In these countries a tightly-knit oligarchy expected their political connections to absorb their problems. Oligarchs got favourable contracts, tax-breaks and access to foreign capital even though this situation had a whiff of corruption.
The US is now in a situation like South Korea in 1998, Russia and Argentina (time and again).
In these cases foreign investors suddenly assume the country will not be able to pay off is debt, so the affected country finds its credit disappears and it suffers a severe economic contraction. The similarity runs deeper: elite business interests make ever larger gambles with implicit government backing until the inevitable collapse. The elite uses its influence to prevent the reforms necessary to keep the economy out of its nosedive. People blame the regulators for being asleep at the wheel.
In the US financiers had a ball in inventing new profitable practices like securitisation, credit default swaps, and the like from 1973-1985. The financial sector earned 16% of profits, in the 1990’s; it doubled to 30% and in the last decade it was 40% of all profits.
This great wealth gave bankers enormous political weight: the US was the most advanced oligarchy in the world, able to get its way with bribes, lobbying and campaign contributions.
But its real power came from a belief system; the idea that large financial institutions and capital markets were crucial to the US’s position in the world. This was helped by the flow of top people from New York to Washington. Some thought service in Goldman Sachs was a kind of public service.
The banks also convinced the US elite and academia that markets were perfect and self-correcting.
We know Greenspan’s view, but Bernanke also said in 2006 that banks had made great strides in measuring and managing risk. As it happened the US government has spent $180 billion to cover losses deemed impossible by the huge insurer AIG alone.
Washington obligingly passed a river of deregulatory policy:
- free movement of capital across borders.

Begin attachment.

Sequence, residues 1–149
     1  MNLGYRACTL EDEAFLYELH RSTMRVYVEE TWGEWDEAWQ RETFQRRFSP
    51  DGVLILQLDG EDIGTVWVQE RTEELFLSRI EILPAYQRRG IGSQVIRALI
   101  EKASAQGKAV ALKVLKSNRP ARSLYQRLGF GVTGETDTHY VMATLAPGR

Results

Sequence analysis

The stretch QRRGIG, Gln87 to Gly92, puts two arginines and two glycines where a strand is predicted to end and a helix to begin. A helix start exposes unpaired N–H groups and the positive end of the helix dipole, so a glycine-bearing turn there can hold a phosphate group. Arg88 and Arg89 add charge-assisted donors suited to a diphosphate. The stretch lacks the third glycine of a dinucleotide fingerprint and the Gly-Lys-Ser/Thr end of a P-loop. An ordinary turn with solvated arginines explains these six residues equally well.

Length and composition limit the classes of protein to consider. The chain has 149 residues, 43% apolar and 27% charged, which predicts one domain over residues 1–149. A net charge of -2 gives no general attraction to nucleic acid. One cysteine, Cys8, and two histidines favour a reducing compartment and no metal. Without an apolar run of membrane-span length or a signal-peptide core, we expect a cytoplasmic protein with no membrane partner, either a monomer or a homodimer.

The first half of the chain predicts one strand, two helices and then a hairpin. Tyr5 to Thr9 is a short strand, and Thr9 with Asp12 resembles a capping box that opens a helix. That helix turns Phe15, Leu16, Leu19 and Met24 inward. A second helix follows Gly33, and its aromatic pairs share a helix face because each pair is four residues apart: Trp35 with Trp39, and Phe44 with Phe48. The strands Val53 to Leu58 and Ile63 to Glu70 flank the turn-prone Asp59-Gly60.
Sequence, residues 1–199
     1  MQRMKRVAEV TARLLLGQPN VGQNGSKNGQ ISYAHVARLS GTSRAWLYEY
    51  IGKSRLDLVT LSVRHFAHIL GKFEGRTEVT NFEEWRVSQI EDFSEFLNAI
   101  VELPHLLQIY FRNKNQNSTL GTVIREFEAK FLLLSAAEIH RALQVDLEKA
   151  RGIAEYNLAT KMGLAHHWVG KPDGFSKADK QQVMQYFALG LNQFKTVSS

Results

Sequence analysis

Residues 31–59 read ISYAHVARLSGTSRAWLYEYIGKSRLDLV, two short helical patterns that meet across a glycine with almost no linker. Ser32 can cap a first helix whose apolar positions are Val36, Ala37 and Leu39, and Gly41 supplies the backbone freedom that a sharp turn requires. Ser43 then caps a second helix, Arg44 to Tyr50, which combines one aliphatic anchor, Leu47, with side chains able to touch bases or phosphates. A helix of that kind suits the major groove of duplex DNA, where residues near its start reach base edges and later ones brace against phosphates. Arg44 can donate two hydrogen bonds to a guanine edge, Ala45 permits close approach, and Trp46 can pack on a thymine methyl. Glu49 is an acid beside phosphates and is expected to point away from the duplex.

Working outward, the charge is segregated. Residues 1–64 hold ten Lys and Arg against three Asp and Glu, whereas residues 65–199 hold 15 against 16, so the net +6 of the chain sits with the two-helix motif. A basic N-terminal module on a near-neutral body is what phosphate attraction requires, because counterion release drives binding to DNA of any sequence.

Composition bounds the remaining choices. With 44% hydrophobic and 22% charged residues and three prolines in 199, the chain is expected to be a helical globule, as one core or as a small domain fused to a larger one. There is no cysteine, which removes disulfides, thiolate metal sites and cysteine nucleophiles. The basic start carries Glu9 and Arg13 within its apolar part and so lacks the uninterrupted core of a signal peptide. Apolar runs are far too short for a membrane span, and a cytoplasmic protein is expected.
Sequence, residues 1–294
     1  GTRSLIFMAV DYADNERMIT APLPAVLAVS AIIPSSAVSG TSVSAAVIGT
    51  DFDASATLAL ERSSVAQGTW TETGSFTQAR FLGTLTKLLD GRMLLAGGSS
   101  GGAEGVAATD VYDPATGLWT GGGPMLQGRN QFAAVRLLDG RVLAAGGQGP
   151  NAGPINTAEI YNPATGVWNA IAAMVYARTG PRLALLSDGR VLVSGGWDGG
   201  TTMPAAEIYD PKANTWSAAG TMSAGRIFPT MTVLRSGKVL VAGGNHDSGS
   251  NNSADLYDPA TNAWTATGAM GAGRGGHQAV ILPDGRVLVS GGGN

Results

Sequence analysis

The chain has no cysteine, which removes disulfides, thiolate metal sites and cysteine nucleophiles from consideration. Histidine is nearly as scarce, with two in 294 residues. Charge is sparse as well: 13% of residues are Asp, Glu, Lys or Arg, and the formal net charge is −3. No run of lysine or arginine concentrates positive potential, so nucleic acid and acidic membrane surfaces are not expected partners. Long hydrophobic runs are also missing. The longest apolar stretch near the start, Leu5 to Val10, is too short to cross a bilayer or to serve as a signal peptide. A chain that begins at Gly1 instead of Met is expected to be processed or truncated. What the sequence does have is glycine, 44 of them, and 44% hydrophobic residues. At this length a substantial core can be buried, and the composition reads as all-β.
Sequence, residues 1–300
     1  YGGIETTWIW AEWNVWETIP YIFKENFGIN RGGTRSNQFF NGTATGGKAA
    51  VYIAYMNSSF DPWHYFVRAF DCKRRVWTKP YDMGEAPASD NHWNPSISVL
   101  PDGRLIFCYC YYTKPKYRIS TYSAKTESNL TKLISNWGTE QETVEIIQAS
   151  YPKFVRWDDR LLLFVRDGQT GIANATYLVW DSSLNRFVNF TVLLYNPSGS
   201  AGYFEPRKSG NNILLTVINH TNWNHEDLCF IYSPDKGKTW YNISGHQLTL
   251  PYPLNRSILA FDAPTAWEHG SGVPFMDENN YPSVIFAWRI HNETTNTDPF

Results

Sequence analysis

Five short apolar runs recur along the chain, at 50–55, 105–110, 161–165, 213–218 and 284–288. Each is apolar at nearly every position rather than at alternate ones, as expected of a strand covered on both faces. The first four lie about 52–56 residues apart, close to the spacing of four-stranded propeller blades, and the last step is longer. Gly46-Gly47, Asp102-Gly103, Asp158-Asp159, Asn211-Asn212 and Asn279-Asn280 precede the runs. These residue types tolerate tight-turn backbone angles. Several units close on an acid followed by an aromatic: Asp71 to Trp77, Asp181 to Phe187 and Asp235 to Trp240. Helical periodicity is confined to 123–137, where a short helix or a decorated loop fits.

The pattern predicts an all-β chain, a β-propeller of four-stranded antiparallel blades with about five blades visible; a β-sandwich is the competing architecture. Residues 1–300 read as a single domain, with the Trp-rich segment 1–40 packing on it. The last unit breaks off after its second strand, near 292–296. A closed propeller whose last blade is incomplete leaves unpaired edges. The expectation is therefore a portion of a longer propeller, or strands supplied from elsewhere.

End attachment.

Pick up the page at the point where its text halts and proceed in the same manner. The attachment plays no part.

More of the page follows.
- repeal of regulation separating investment and commercial banking
- congressional ban on regulating credit default-swaps.
- increased leverage permitted
- an international agreement to allow banks to measure their own riskiness.
Banks were not alone in causing the crisis, but they and the hedge funds were big beneficiaries of the twin housing and stock market bubbles: profiting from a huge number of transactions founded on a small base of assets. [Readers might recall an article I did at the time saying assets were leveraged 40 times].
Despite these insane practices which eventually brought the sector to its knees, vast bonuses were paid out. The CEO of Merril Lynch confessed he had over-invested in sub-prime and walked off with $162 million. In 2008 Wall Street paid out $18 billion in bonuses, while the government had to provide $243 bn in urgent assistance.
Johnson details many dirty deals and concludes that there cannot be a recovery until the banks are healthy.
And, he thinks they must be broken up to become healthy.
The Atlantic article remains an important piece of analysis (I have the space merely to introduce it). Readers who wish to go further, and look at Johnson’s current concerns will find his website interesting.
* Neville Bennett was a long-time Senior Lecturer in History at the University of Canterbury, where he taught since 1971. His focus is economic history and markets. He is also a columnist for the NBR.